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Sex DiscriminationLess
Sex Discrimination

As with race discrimination, sex discrimination cases are complicated. With our team at NDH, they are also winnable. Again, we represent not only women who have been victims of sex discrimination but also men. As an example, one of our clients is a law enforcement officer with years of qualified experience in the area of sex trafficking. He was deprived of a high-ranking position in his sex trafficking division because the position has been only given to women, some of whom have demonstrably lesser qualifications than our client.

As with race discrimination, sex discrimination cases are complicated. With our team at NDH, they are also winnable. Again, we represent not only women who have been victims of sex discrimination but also men. As an example, one of our clients is a law enforcement officer with years of qualified experience in the area of sex trafficking. He was deprived of a high-ranking position in his sex trafficking division because the position has been only given to women, some of whom have demonstrably lesser qualifications than our client.

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We also take on “same-sex” harassment claims because, as the Supreme Court has said, “we see no justification in the statutory language or our precedents for a categorical rule excluding same-sex harassment claims from the coverage of Title VII.” Oncale v. Sundowner Offshore Servs., Inc., 523 U.S. 75, 79, 118 S. Ct. 998, 1002, 140 L. Ed. 2d 201 (1998). Call NDH today.

We also take on “same-sex” harassment claims because, as the Supreme Court has said, “we see no justification in the statutory language or our precedents for a categorical rule excluding same-sex harassment claims from the coverage of Title VII.” Oncale v. Sundowner Offshore Servs., Inc., 523 U.S. 75, 79, 118 S. Ct. 998, 1002, 140 L. Ed. 2d 201 (1998). Call NDH today.

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Age DiscriminationLess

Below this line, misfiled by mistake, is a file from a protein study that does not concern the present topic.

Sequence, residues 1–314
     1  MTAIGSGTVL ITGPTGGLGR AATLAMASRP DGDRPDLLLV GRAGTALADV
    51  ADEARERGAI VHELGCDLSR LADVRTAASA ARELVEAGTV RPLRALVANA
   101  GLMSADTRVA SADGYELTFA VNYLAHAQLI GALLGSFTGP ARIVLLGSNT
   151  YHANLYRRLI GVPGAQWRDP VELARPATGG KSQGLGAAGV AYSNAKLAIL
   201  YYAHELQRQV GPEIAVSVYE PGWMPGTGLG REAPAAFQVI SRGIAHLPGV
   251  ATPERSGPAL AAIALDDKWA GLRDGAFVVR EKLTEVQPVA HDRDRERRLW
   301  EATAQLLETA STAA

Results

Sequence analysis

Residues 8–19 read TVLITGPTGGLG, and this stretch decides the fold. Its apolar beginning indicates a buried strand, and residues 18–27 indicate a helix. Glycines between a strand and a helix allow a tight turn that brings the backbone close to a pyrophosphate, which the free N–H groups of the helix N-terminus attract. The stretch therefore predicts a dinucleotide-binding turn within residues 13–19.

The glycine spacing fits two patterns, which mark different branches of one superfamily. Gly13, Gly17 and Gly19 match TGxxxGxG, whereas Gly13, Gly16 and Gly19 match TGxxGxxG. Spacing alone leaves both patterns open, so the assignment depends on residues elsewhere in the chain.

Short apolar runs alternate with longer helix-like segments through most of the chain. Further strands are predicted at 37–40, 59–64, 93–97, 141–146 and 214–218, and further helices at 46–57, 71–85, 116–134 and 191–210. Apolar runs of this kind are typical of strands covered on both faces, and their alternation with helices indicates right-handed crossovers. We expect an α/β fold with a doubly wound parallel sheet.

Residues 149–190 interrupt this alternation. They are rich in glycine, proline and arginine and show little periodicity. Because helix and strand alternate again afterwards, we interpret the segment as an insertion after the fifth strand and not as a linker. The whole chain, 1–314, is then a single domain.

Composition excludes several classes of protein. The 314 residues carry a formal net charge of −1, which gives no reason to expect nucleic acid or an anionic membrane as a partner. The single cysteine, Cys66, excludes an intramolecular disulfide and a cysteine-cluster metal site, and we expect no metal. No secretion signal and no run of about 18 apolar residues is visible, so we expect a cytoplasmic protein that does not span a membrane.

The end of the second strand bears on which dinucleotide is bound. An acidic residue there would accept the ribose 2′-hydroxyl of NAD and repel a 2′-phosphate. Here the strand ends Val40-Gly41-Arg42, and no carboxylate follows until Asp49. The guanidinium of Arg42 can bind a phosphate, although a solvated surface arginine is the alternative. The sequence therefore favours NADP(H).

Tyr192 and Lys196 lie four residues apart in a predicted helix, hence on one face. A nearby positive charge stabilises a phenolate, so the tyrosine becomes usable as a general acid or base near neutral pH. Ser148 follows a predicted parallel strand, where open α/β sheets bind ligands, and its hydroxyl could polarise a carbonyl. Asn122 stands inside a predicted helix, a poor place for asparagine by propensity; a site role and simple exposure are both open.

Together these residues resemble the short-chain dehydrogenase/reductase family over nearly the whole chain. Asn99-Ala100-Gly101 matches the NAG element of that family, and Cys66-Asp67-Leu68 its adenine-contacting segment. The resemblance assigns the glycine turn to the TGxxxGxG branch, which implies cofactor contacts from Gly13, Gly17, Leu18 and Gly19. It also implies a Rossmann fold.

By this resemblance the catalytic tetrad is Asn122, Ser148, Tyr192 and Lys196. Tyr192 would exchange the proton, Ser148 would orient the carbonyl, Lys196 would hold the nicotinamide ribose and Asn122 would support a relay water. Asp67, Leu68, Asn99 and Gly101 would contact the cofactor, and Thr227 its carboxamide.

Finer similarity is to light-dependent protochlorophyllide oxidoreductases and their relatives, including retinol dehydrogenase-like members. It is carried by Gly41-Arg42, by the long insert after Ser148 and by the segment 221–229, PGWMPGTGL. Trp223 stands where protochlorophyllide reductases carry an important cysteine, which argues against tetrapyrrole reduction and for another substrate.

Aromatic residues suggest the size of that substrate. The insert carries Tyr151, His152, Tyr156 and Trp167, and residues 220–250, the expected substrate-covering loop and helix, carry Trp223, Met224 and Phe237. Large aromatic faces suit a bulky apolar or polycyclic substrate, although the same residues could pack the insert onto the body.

Age Discrimination

In 2009, the Supreme Court clarified/changed the law regarding age discrimination, saying that in order to prove age discrimination, a claimant must show that age was the "but-for" cause of the complained of discrimination. Gross v. FBL Fin. Servs., Inc., 557 U.S. 167, 175, 129 S. Ct. 2343, 2350, 174 L. Ed. 2d 119 (2009). “But for,” however, does not mean sole cause and a seasoned lawyer knows that even in age discrimination cases, the client does not have to prove that age was the only factor involved in the scenario. The matter is much more complicated. Call our Civil and Human Rights attorneys today for a free consultation. 

In 2009, the Supreme Court clarified/changed the law regarding age discrimination, saying that in order to prove age discrimination, a claimant must show that age was the "but-for" cause of the complained of discrimination. Gross v. FBL Fin. Servs., Inc., 557 U.S. 167, 175, 129 S. Ct. 2343, 2350, 174 L. Ed. 2d 119 (2009). “But for,” however, does not mean sole cause and a seasoned lawyer knows that even in age discrimination cases, the client does not have to prove that age was the only factor involved in the scenario. The matter is much more complicated. Call our Civil and Human Rights attorneys today for a free consultation.